DeRozan is coming off a career-best season where he averaged 37 minutes, 18 points, and 2.5 assists per game. This guy has potential to be the face of the franchise, but despite coming off his best season he still has a lot to prove and a lot to work on. DeRozan is shooting a combined .434 the past two seasons, and his shooting has regressed annually at the Air Canada Centre.
As I mentioned before I think the wing players give the Raps their best chance to dominate individual match-ups on any given night, but the key word for all of these guys is “efficiency”. This is especially true on the offensive end where DeRozan is in the same boat as the other wing players in that his scoring needs to become much more efficient (no more volume shooting/scoring…Shooting needs to improve, same with decision-making).
Ross struggled as a rookie, especially with his jumper. The preseason ended with Ross on fire so there is cause for optimism that the lottery pick is legitimately improving his game. Despite the differences in contracts between DeRozan and Ross we could well see Ross get the nod over DeRozan many times if the Washington Huskies product can continue his development. In college Ross did not have a lot of structure or consequences for his play one way or the other, but under Casey he needs to play defense to his potential plus he needs to show consistency. His aggressive style and skill-set create a high upside for Ross so he is worth watching closely this season.
Fields has made just 38 of the last 163 shots he has taken from downtown. Yikes. He was just two for seven in the preseason from 3-ball range. When I talk about my excitement for the potential on the wing for this team Fields is not part of that. If Casey is serious about using Fields as more of a facilitator then his production could perhaps become interesting, but for now I see several better options on the wing for Toronto.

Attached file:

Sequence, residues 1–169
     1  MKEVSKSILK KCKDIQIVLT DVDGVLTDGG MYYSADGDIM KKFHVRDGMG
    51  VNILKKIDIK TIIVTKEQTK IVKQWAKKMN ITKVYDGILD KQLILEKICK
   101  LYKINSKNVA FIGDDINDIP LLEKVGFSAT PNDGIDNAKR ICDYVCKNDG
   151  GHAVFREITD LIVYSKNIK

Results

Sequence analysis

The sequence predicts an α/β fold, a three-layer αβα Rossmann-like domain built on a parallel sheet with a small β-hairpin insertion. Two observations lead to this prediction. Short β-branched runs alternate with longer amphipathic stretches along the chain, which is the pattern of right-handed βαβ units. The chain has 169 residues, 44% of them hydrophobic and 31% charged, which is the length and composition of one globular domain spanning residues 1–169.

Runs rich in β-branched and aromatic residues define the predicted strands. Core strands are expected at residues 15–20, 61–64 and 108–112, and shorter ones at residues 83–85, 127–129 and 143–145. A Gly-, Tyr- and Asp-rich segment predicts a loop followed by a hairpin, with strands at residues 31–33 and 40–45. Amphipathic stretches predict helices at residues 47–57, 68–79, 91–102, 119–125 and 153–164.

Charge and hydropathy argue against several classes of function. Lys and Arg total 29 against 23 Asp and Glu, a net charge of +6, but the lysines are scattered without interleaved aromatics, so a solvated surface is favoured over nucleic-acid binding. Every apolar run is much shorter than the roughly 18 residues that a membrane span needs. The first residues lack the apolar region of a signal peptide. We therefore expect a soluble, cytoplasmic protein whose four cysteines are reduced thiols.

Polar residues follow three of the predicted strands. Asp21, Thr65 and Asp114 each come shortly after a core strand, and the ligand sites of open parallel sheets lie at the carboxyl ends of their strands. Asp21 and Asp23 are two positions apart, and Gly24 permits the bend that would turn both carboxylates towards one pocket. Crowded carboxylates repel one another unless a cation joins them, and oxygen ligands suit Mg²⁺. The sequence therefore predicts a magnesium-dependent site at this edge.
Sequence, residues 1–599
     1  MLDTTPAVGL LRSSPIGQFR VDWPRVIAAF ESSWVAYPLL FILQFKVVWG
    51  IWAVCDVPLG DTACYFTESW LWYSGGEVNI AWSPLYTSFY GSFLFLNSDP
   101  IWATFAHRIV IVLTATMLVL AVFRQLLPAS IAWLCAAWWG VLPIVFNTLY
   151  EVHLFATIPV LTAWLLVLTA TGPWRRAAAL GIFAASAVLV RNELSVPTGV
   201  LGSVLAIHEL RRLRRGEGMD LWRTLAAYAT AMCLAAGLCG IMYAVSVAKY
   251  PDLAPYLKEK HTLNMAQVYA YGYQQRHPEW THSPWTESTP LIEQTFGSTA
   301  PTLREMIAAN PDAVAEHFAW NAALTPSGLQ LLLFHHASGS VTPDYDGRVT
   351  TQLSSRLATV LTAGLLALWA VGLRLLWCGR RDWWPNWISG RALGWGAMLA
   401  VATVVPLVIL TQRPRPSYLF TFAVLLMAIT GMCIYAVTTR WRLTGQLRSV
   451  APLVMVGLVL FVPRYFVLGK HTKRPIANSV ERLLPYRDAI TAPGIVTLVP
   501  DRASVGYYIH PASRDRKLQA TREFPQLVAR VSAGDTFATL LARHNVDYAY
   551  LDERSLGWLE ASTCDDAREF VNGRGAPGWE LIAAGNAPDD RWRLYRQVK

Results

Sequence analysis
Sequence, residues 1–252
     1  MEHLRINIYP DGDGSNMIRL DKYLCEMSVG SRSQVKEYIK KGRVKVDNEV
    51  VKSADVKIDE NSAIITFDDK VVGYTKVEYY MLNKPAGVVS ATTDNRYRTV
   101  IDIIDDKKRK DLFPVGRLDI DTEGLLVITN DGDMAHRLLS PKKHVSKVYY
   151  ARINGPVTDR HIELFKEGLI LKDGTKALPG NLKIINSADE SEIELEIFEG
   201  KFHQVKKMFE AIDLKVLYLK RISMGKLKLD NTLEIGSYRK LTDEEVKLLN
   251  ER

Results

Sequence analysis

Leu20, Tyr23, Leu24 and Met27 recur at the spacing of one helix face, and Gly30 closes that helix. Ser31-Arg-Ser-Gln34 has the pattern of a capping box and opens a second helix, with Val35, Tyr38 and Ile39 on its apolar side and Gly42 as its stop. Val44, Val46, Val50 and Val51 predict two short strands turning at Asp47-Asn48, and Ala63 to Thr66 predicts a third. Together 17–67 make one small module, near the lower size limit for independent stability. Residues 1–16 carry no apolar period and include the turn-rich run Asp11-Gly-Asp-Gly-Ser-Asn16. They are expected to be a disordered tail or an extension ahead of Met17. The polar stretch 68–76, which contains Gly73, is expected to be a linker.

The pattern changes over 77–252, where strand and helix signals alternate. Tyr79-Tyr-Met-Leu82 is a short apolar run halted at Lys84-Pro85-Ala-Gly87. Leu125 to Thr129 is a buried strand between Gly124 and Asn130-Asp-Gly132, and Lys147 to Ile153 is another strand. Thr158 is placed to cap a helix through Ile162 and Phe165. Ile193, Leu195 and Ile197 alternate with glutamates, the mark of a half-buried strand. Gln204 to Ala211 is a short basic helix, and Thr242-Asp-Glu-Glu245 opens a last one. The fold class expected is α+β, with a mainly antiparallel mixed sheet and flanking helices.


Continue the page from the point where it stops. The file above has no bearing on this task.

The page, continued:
The Raps went 17-16 with Rudy Gay in their line-up. That projects to a 42 win team which would be plenty sufficient to crack the playoffs. The last 42 win team to miss the playoffs in the East was the 2004-05 Cleveland Cavaliers.
Gay averaged 20 points per game at the ACC where he shot .453 from the floor. He is fresh off of corrective eye surgery and will likely be a free-agent at the end of the season just like Lowry. Gay would need to opt out of his contract which would mean turning down $19 million from the Raps for next season, but players often opt out of the final season of their contract so that they can ink a long-term deal which would mean less money next season but a ton more over the long haul.
Gay has added a solid 20 pounds of muscle. He spent the summer with his trainer, and also with Hakeem Olajuwon. Many fans do not like Gay because they feel his efficiency is horrid (and it has been) but if he can learn some post moves from Olajuwon then his game becomes even more rounded which should allow him to become more efficient. If it is true that DeRozan needs to be better when it comes to scoring efficiency then it surely applies to Gay as well. While fans may wonder if Gay can improve it is worth noting that his fellow NBA players sure seem to believe that this guy is really good and can get even better.